But Brazilians can also thank Porto de Sergipe’s record-breaking turbines for their lower electricity bills. The 7HA.02 turbine, part of a platform that’s been recognized for powering the world’s most efficient power plants in France and Japan, will allow it to conserve those precious stocks of LNG. Over several years, Porto de Sergipe’s three turbines will save tens of millions of dollars in fuel costs compared to its peers. “This flexibility, efficiency and low dispatch costs is the reason our national grid operator likes Sergipe,” says Silva.
But the project is more than three mighty gas turbines. The combined-cycle system of the power plant means that the heat from the exhaust of the turbines is not wasted, but fed into a steam generator where it boils water. The steam then spins another turbine connected to a separate generator. Combining these two thermodynamic cycles — gas and steam — improves the plant’s overall efficiency and reduces fuel costs. Each gas turbine can generate around 320 MW of electricity, with all three operating in parallel yielding nearly 1 GW. The steam turbine has a maximum output of 500 MW. “That total 1,500 MW is huge,” Silva says. “It is in the range of a nuclear power plant.”
Porto de Sergipe can generate enough power to supply the entire Central American country of Nicaragua, and still have over 100 MW in reserve. It will almost certainly wean the northeast off electricity imports from Brazil’s neighboring Northern and Southeastern regions, which currently help keep the lights on in the large cities of Recife, Fortaleza and Salvador.
Silva says the scope and nature of the project were also extraordinary for GE, which built not just the power plant but also the infrastructure needed to ferry the electricity onto the country’s grid: the 34 kilometers of overhead power lines and the 500kv substation that steps up the power into high voltages for long-distance transmission. Usually GE supplies equipment to power projects and provides technical advice, but in Sergipe, Silva says the company procured, engineered and built every single last nut and bolt of the power plant, overhead transmission lines and substation.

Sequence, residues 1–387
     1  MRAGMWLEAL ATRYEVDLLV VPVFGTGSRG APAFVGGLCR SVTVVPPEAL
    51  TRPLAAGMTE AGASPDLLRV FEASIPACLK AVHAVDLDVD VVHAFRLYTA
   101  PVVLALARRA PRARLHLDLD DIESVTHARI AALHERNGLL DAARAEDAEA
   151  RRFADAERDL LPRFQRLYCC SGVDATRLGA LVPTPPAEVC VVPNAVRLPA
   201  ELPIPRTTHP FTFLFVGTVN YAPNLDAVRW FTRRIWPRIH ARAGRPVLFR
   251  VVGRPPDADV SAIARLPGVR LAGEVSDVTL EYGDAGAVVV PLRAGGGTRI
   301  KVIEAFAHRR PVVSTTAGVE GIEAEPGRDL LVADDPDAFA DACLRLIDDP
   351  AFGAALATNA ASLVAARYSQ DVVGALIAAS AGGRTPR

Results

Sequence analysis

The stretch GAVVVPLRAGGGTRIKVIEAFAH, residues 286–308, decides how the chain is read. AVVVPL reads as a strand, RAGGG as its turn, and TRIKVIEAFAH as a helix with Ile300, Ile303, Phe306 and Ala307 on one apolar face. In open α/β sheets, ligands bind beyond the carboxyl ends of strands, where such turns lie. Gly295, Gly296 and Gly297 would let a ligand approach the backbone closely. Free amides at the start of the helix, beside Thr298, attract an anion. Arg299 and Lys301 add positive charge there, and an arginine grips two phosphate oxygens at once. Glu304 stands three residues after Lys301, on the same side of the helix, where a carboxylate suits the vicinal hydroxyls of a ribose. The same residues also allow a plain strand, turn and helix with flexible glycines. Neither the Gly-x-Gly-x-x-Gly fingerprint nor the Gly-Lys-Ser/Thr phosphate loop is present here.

The project required engagement with a wide range of stakeholders: thousands of local workers, community leaders, local businesses and government. “We needed to make this beneficial for everyone,” says Silva. A special point of pride? Ensuring that the 3,000-strong labor force, up to 60% of whom were locals, extracted maximum benefit from the power plant’s construction. Silva says GE set up social programs and training centers where workers could learn on the job, and obtain certificates that would serve them well beyond first fire: “For example, we needed qualified welders, so we taught them the trade.”